Jack, on the other hand, starts as a man of science. He does not believe in any kind of purpose and treats John as a madman every time he speaks of “destiny.” To Jack, the only worthy objective is to keep his people alive and get them off the island. What makes Jack different from a nihilist is he has a goal: to get his people off the island. He also thinks of them as his people, which reveals he has a sense of community. Community fulfills Jack. It gives him purpose. It gives him a reason to keep going. In this sense he is similar to John: he has a goal, but his next steps are dictated by his conscience, not by ethereal signs from the island.
Sawyer is the ultimate nihilist. For him, just like Jack, there is no purpose; however, he goes way beyond the doctor in the rejection of meaning. Sawyer has no goal. For Sawyer, all that matters is surviving. Sawyer believes that life is not something to be enjoyed, but to be endured. It’s a place where the strong thrive and the weak die. He does not question whether this is acceptable, but assumes it is so. For Sawyer, life is “every man for himself.” He is the paradigm of individualism and social Darwinism and the furthest character from Locke.
The question of free will pops up naturally when considering purpose or destiny, but the moment in which it fully comes to life is during season 5, when the two groups of characters are stuck at different stages in time. Sawyer, Juliet and Miles are living in the seventies in the Dharma camp and they are told by Faraday that nothing they do will change the future: what’s done is done. Even though they may feel like they have free will, everything they do is already predetermined. Later, Faraday comes back and questions this assumption: Jack quickly makes this his own credo. The question that permeates season 5 is, then: will they be able to change the present? Do their choices matter or have they already been made? Can humans really choose anything but what they have already been programmed to choose?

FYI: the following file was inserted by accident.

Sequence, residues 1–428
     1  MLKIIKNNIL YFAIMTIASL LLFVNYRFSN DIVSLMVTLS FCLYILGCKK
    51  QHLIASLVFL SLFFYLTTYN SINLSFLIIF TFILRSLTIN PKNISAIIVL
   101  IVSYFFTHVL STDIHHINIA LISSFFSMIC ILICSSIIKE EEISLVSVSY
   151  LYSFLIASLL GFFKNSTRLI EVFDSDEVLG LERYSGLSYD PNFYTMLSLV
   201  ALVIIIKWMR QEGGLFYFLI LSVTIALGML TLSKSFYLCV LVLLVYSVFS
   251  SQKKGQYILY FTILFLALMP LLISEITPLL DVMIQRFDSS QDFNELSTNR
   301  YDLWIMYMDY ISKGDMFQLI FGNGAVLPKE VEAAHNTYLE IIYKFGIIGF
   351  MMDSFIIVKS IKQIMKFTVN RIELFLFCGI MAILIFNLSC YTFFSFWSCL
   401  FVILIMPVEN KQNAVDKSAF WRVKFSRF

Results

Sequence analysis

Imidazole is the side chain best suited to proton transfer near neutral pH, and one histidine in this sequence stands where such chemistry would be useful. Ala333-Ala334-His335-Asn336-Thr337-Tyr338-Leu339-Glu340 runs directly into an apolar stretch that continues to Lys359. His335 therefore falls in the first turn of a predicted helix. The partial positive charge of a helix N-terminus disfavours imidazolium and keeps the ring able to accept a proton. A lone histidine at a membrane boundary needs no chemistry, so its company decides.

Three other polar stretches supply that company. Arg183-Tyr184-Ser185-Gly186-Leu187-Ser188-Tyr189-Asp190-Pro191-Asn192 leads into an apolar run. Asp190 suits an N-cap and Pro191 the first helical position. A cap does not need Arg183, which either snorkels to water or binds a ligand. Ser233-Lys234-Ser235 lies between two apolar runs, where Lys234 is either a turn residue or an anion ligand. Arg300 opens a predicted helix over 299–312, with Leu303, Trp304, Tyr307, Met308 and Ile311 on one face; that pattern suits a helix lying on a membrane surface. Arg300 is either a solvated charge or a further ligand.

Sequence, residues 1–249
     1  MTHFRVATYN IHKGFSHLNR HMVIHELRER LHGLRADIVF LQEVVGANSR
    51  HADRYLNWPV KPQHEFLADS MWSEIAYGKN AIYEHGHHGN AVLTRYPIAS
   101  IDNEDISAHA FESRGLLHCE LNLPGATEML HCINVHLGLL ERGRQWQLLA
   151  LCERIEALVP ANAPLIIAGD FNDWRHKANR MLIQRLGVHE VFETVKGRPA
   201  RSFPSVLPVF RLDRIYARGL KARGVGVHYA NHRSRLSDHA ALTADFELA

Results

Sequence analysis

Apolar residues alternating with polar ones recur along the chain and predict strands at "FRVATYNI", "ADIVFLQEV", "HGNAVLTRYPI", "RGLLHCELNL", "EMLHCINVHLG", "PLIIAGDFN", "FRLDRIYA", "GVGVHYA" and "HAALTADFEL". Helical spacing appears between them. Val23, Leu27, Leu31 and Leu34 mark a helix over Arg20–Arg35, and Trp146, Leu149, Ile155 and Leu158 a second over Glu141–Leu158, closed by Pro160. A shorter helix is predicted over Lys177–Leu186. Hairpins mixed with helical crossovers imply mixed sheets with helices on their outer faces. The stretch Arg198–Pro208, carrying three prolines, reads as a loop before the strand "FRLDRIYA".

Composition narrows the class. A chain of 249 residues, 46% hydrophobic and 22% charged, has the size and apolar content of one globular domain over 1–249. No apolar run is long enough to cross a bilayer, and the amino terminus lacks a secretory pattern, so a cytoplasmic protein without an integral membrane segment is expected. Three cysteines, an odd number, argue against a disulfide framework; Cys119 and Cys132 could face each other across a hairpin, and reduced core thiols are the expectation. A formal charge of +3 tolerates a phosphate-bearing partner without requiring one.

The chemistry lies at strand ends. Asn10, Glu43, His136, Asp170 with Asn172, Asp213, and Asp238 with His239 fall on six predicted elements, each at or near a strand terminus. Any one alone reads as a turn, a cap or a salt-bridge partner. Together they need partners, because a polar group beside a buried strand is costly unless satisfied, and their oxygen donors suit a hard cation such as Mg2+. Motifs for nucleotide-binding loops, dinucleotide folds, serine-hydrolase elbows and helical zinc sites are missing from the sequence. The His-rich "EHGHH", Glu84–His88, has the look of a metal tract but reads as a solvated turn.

The question gets answered at the end of season 6, when it is clear that detonating the bomb didn’t achieve anything a
t all (though my suspicion is the writers had actually planned to create a “parallel universe” of sorts, but people figured it out too soon and they had to change the story.) Lost, then, makes quite a strong statement against the existence of free will.
What about the ending? Well, I thought the ending sucked. Again, I think they decided to change it once they saw people were figuring things out. However, we could also look at it from a metaphoric point of view. In this case, all they are saying is: yes, the Christian Shepherd is dead. Now we will embark on a new adventure, where all the other philosophical options will go hand by hand and, together, we will try to figure out what it all means, if it means anything. Since I believe the whole show is nothing but a metaphor (a pretty long one at that) this interpretation sits quite well the general spirit.
In any case, I’m actually enjoying this second watching of lost. Many things are making sense that didn’t in the first run. I am getting many more details. And I am able to reflect on the philosophy of the whole thing which, let’s face it, is pretty entertaining.